Many students in Lebanon risk losing another year of school unless foreign donors meeting in Brussels this week can come up with a viable plan to deal with the education crisis.
Public-school students – including Syrian refugees – have suffered through four years of chaos: 27 percent dropped out last year alone. Donor support to education is critical to stabilizing the school system, but relying on Lebanese authorities to implement that support risks a fifth lost year.
Learning collapsed during two years of COVID-related school closures. As Lebanon’s financial crisis worsened, teachers’ salaries plunged. International donors repurposed funds to boost teachers’ income but the education ministry reportedly lost track of and misallocated funds. The resulting teachers’ strikes meant students received just 60 days of school in each of the last two years. The international norm is 180 days.
The root causes of the education crisis are mismanagement and lack of accountability, the Center for Lebanese Studies recently reported. The center tallied an average US$250 million in donor education aid to Lebanon each year, in support of Lebanon’s pledge to get every child, including Syrian refugees, “into quality education.” It is difficult to follow the money, but hundreds of thousands of Syrian children were left out of school, including children whose education donors ostensibly paid for. A recent audit found the education ministry, as required by law, assigned people to oversee grants, but without informing them. The money was actually controlled by persons unknown.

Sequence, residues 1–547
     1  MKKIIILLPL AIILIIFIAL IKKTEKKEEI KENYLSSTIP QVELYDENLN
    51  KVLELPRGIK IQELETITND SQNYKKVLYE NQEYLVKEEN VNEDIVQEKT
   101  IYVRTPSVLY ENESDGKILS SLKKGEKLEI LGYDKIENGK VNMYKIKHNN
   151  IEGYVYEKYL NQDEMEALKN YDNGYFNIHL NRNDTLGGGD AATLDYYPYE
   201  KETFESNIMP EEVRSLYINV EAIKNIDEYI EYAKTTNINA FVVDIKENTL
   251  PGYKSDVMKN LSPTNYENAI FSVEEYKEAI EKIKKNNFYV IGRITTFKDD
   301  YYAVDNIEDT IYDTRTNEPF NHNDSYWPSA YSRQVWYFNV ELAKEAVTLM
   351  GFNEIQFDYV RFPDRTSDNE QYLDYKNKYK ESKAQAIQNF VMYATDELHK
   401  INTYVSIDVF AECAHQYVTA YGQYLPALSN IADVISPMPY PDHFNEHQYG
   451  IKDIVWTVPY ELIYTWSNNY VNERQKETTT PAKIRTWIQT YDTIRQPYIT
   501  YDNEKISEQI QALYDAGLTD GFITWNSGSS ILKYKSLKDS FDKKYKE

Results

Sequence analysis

New donor funding for education is drying up, according to education groups. Donor frustration is understandable. The education ministry’s 5-year strategy for 2021-25 does not address the financial crisis or teachers’ strikes, its “Reform Roadmap” for 2023-25 has not been published. A mechanism announced a year ago to ensure “timeliness of funds disbursement”, linked to substantial existing funding commitments, has not been implemented.
Instead of relying on the education ministry, donors at this weeks’ conference should formulate a plan to work with the UN, teachers, and groups providing education to push through four crucial steps before the new school year. First, establish an emergency education plan and restore access to all students; then, assess and publish the costs of the school year; next, regularly publish information about funding allocations, expenditures, and results; and finally, bypass government channels and deliver aid directly to teachers and schools.